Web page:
Sunnyside students learn about DNA


Forensic student David Huizar makes a gel by dissolving agarose powder into a liquid solution.

Sunnyside High School students in Joyce Stark's forensics class are learning how to separate DNA and will soon use their newly learned skill to solve a crime.

Stark said the students will use all of their skills, such as tracing diseases and infections along with DNA separation, to solve a mystery that will be presented to them later this month.

The students used gel electrophoresis as the technique to separate the DNA. This method separates molecules on the basis of charge, size and shape.

The gel is made by dissolving agarose powder in a buffer and boiling it. The solution is then cooled and poured into a mold where it solidifies. The gel is then submerged in a buffer-filled chamber which contains electrodes.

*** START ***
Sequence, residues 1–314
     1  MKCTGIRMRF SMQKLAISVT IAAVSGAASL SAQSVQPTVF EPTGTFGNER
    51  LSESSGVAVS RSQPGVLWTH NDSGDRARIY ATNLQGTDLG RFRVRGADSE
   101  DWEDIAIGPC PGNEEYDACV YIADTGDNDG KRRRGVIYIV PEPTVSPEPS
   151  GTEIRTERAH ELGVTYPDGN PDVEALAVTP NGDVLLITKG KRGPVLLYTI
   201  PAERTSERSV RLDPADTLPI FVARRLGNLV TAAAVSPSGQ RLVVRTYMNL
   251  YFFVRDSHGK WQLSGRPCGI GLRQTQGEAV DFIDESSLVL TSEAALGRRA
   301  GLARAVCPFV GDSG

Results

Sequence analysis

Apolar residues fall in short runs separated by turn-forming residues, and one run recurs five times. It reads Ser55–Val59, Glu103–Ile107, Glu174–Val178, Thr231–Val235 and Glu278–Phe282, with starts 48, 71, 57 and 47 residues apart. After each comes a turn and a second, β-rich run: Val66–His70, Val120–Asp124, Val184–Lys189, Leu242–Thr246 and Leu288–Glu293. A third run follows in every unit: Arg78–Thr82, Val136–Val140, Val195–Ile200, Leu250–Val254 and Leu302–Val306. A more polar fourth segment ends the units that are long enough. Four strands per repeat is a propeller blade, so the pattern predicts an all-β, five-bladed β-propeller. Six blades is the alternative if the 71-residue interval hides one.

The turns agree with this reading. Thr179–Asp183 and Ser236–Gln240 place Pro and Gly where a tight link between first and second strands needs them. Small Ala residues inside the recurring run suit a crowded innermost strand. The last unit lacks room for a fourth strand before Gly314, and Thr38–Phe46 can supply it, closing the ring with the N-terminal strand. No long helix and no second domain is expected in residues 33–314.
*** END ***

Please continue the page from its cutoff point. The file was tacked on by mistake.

Samples are then prepared by mixing them with a dense solution, which makes the samples denser than the electrophoresis buffer.

A direct current power supply is then connected to the electrophoresis apparatus and current is applied. Molecules are then separated by negative or positive electrodes.

After this is complete the molecules in the gel can be stained to make them visible.

Gel electrophoresis is used in forensics, molecular biology, genetics, microbiology and biochemistry.

The equipment used in these experiments is on loan to Sunnyside High School from Washington State Univeristy.


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